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SUSE

Monday openSUSE Community Week Sessions

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SUSE

opensuse.org: openSUSE Community Week runs from May 11 through May 17. Our community week is a chance to get people from around the world together at the same time to focus on specific topics, and to transfer knowledge about openSUSE.

Novell prepping Moblin version of SUSE

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SUSE
  • Novell prepping Moblin version of SUSE

  • Intel, Novell stump for Moblin netbook OS
  • Novell throws support behind Moblin Linux for Intel Atom netbooks, devices

openSUSE Weekly News, Issue 70

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SUSE

opensuse.org: Issue #70 of openSUSE Weekly News is now out. In this week’s issue: KDE4 Reloaded, Google Summer of Code Introduction, and OpenOffice.org 3.1beta6

How to contribute or participate with OpenSUSE project?

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SUSE

2indya.com: If you want to be a part of OpenSUSE project and want to contribute in the cause of Linux, here is something for you. Though there are many types of skills that are needed for any type of project, but I present 5 ways in which you can participate in the project named OpenSUSE.

People of openSUSE: Jim Henderson

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Interviews
SUSE

opensuse.org: I noticed Jim by his thoughtful replies on openSUSE mail lists and forums. He has ability to listen, understand and answer in the way that correspondent can not only find correct, but also understand, which is seldom found talent.

openSUSE 11.1 Impressions

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SUSE

wlnelson.blogspot: I've never been a big fan of SuSE/openSUSE in the past. It's always felt like a mixed bag to me. Due to some coursework I need to perform for my university I felt I was best served by a distribution that has a very large package repository.

openSUSE 11.1 KDE4 Reloaded

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SUSE

opensuse.org: While 11.2 is still months away there’s still plenty of activity going on with openSUSE. In addition to last week’s milestone release, you can also get your hands on openSUSE 11.1 Reloaded. This is a respin of openSUSE 11.1, including KDE 4.2.2 packages and updates to 11.1.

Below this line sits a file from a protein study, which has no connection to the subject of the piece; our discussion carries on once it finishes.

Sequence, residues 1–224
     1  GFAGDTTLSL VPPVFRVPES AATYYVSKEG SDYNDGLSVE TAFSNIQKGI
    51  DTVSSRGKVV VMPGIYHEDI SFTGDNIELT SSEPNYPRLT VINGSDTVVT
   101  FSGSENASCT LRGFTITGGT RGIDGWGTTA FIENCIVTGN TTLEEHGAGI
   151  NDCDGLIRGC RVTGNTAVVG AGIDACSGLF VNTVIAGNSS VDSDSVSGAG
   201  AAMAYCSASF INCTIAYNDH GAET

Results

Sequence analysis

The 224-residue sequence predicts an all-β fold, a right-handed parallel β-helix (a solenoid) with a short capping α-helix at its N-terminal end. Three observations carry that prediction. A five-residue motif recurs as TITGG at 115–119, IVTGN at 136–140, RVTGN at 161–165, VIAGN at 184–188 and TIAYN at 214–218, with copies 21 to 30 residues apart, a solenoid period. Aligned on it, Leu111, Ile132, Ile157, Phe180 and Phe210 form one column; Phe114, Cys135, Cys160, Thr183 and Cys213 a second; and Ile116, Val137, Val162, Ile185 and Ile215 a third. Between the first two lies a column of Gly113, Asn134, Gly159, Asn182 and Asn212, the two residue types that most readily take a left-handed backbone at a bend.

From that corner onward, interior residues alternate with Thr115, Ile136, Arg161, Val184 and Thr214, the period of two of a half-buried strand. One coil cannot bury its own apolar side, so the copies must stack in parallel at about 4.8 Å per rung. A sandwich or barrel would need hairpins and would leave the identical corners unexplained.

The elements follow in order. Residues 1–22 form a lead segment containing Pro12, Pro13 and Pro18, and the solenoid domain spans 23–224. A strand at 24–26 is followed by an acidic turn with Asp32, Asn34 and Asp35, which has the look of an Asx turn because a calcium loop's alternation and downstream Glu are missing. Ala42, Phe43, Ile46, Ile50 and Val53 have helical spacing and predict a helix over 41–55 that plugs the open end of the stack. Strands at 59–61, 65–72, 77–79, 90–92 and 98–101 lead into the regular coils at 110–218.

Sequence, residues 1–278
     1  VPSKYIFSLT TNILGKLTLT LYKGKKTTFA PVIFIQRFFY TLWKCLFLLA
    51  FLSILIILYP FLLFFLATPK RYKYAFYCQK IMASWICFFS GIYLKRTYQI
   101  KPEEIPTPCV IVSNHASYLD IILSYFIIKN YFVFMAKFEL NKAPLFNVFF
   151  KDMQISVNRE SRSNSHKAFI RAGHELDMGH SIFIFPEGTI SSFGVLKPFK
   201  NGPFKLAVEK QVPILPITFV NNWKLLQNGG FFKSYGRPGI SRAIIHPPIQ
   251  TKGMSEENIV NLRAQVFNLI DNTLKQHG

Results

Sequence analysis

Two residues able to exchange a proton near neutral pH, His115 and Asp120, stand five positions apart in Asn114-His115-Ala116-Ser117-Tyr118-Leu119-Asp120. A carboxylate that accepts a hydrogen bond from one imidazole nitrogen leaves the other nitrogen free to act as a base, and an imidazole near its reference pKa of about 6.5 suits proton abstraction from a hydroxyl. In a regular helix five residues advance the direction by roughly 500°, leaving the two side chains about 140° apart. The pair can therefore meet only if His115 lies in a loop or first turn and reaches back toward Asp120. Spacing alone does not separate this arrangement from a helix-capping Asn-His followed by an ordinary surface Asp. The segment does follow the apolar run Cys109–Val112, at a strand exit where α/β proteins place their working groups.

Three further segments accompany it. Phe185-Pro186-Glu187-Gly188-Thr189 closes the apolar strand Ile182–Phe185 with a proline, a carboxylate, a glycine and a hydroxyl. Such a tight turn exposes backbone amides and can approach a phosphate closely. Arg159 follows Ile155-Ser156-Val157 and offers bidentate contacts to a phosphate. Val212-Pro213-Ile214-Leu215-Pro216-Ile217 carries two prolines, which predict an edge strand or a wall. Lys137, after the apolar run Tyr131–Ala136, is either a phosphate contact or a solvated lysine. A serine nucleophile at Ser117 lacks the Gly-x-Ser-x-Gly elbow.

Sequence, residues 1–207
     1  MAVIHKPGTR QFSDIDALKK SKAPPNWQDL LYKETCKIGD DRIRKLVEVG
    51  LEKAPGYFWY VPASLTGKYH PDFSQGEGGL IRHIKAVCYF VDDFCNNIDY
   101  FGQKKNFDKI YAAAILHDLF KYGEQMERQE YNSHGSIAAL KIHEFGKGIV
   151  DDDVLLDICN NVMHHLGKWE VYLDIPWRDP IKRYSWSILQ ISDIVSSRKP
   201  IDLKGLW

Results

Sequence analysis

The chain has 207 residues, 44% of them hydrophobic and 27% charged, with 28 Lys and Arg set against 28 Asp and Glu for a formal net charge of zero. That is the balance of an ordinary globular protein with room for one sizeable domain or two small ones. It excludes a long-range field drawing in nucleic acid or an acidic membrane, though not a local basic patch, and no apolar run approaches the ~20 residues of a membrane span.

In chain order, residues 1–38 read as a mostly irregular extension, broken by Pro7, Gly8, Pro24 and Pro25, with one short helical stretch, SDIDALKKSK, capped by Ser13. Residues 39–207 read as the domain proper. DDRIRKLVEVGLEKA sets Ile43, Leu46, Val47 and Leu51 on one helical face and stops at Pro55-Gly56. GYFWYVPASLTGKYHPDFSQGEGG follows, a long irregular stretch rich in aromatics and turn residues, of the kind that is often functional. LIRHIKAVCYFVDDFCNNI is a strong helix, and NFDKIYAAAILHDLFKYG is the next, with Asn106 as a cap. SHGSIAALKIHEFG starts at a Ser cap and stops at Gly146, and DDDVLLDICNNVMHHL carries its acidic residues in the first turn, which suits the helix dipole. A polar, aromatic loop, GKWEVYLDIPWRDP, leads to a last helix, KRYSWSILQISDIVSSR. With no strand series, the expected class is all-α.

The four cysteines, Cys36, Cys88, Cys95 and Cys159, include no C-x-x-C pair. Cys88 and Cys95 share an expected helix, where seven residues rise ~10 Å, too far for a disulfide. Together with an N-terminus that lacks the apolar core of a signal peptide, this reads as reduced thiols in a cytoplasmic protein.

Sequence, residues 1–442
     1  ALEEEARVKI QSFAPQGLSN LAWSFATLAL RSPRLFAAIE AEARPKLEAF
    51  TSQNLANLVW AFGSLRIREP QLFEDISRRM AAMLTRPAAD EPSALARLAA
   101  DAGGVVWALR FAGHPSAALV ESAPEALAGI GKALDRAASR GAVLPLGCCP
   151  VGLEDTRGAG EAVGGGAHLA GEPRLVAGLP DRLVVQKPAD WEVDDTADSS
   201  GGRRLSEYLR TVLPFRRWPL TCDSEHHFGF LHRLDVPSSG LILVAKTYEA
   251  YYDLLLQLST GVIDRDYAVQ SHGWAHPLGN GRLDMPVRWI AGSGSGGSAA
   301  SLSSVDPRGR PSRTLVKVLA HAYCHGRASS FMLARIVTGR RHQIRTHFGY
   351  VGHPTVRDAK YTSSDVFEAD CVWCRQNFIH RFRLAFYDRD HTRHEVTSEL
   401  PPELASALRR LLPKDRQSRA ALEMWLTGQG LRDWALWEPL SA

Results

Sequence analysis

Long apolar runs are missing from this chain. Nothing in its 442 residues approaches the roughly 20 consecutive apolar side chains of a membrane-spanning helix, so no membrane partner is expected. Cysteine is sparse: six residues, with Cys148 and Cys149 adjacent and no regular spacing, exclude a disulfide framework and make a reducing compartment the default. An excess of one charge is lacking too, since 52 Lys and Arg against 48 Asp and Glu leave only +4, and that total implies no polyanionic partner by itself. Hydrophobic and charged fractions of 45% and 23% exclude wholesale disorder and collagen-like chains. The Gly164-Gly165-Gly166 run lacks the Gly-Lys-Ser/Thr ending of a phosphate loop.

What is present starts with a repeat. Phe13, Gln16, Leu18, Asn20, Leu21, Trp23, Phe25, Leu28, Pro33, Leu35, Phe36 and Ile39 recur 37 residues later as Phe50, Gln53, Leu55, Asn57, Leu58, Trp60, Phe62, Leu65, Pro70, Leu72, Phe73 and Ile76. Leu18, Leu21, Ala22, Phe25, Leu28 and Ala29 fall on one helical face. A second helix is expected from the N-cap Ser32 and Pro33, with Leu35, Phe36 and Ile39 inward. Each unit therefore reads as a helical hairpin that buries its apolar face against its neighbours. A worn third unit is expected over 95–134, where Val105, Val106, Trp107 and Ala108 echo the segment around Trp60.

openSUSE Weekly News, Issue 69

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SUSE

Issue #69 of openSUSE Weekly News is now out! In this week’s issue: openSUSE 11.2 Milestone 1 Released, People of openSUSE: Jan Engelhardt, and Joe Brockmeier: The argument for free fonts.

What’s behind “lzma compressed livecds”

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SUSE

opensuse.org: There are various ways to build a live cd and since 11.2 Milestone 1 there is a new one: clicfs. I’ll try to explain:

HP debuts ProBook laptops with preinstalled SuSE Linux

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Hardware
SUSE

blogs.zdnet.com: Hewlett-Packard today announced its new ProBook series of 14-, 15.6- and 17.3-in. laptops intended to merge business functionality, stylish design cues and a (hopefully) low price tag.

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More in Tux Machines

Linux Foundation on Value of GNU/Linux Skills

  • Jobs Report: Rapid Growth in Demand for Open-Source Tech Talent
    The need for open-source technology skills are on the rise and companies and organizations continue to increase their recruitment of open-source technology talent, while offering additional training and certification opportunities for existing staff in order to fill skills gaps, according to the 2018 Open Source Jobs Report, released today by The Linux Foundation and Dice. 87% of hiring managers report difficulty finding open-source talent, and nearly half (48%) report their organizations have begun to support open-source projects with code or other resources for the explicit reason of recruiting individuals with those software skills. After a hiatus, Linux skills are back on top as the most sought after skill with 80% of hiring managers looking for tech professionals with Linux expertise. 55% of employers are now also offering to pay for employee certifications, up from 47% in 2017 and only 34% in 2016.
  • Market value of open source skills on the up
    The demand for open source technology skills is soaring, however, 87% of hiring managers report difficulty finding open source talent, according to the 2018 Open Source Jobs Report which was released this week.
  • SD Times news digest: Linux Foundation releases open-source jobs report, Android Studio 3.2 beta and Rust 1.27
    The Linux Foundation in collaboration with Dice.com has revealed the 2018 Open Source Jobs Report. The report is designed to examine trends in open-source careers as well as find out which skills are the most in demand. Key findings included 83 percent of hiring managers believes hiring open source talent is a priority and Linux is the most in-demand open-source skill. In addition, 57 percent of hiring managers are looking for people with container skills and many organizations are starting to get more involved in open-source in order to attract developers.